Editor’s Note: Jeff Tangney is Doximity’s CEO. This post originally
appeared on HealthWorksCollective and The Doctor Weighs In.

The impact of social media on health care has been nothing short of
game-changing. Researchers have used sites such as Twitter to track the spread
of disease so that medical providers can respond to epidemics more quickly.
Among potential patients, eighty percent of Internet users say they now go
online to find health information, and 18 percent report using the Web to
connect with others who share their health issues or concerns, according to a
2011 Pew Internet study.

For doctors, who’ve long relied on sifting through medical journals for new
information, networked communities such as Facebook and Twitter have opened up
whole new paths for receiving relevant news quickly. Web searchers and
databases have put targeted information at their fingertips. Indeed, a recent
Google survey found that 86 percent of physicians now use the internet to
research health topics.

Yet in large part that’s where the story’s ended. While patients are free to
discuss their symptoms and cases online, the Health Insurance Portability and
Accountability Act
(HIPAA) of 1996 precludes doctors from using email, text
messaging and social networking platforms to communicate about patient care.
Violations are taken seriously. Last year, for example, a Rhode Island doctor
made headlines when he was fined and fired for posting about a patient on
Facebook, even though he included no identifying information.

Doximity was created to meet what we believe is one of the next major
challenges in health care: facilitating online communication among doctors. Our
service is often described as a kind of LinkedIn for physicians, and in the
year since we launched, we’ve quickly become the largest medical professional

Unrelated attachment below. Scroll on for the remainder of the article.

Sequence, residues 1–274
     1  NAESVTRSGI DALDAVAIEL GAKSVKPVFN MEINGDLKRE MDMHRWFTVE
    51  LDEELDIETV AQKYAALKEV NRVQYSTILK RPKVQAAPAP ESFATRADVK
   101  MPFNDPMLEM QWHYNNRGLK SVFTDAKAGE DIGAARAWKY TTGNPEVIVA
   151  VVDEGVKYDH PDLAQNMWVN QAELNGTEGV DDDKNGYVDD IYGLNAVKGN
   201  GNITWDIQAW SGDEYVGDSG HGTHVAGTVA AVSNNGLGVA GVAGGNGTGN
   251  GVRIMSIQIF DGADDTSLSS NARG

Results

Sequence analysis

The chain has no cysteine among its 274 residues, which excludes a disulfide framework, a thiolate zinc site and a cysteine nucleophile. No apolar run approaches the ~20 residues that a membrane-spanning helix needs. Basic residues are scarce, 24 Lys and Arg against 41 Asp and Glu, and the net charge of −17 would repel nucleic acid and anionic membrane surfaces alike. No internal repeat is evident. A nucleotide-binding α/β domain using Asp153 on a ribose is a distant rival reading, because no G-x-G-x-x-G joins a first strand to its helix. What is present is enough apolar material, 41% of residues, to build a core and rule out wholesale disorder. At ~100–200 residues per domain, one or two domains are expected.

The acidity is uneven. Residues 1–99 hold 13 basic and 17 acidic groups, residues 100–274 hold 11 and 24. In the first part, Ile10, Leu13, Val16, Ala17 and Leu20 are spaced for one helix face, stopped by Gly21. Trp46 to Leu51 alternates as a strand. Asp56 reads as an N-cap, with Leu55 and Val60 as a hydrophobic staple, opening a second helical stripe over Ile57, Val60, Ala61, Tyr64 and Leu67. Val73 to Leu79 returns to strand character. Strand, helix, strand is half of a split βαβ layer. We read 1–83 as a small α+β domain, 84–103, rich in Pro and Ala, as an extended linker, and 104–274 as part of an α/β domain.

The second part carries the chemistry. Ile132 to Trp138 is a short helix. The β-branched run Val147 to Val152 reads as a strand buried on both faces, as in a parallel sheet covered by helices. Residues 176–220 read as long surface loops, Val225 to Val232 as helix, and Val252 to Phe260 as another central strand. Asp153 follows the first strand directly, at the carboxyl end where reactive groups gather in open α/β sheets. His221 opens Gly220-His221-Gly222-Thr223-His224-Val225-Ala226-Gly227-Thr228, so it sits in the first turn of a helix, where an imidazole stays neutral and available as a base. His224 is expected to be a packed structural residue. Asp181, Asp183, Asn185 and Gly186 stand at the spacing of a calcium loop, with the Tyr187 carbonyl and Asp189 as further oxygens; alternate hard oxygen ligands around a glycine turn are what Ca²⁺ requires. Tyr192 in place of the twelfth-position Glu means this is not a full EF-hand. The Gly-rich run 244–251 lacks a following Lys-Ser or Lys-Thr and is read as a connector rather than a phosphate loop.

network in the country. To create a framework of trust and expertise, we verify
each member’s identity. To ensure that messages are sent securely, we employ
dual passwords for each user so the message will be encrypted end-to-end. In
other words, what gives us deep value within our particular community is that
we’re a private, real-name and HIPAA-secure means of exchanging information.

This February, we officially launched iRounds, a forum similar to Facebook,
Twitter, and Google+ feeds, where users can expand their reach beyond just
exchanging messages and toward tapping larger communities to discuss patient
cases, new research, emerging medical technologies and more. Already, our
members have put iRounds to work, using it to talk about everything from
practice management or what new EHR platforms are best to some truly
jaw-dropping cases. Among them, for instance, a doctor treating a patient who
had accidentally swallowed a metal bristle from a barbecue grill was able to
connect with someone who had, believe it or not, seen a similar case.

It’s not difficult to imagine these kinds of real-time, long-distance
collaborative teams becoming the norm. We think there’s a tremendous value to
be gained by filtering cases and data through an interactive platform composed
exclusively of doctors, each of whom is able to attach unique clinical insights
to information as it travels. In this way, with each physician linked to a
broad network of experts, treatment stands to become more targeted, specific
and personalized than ever.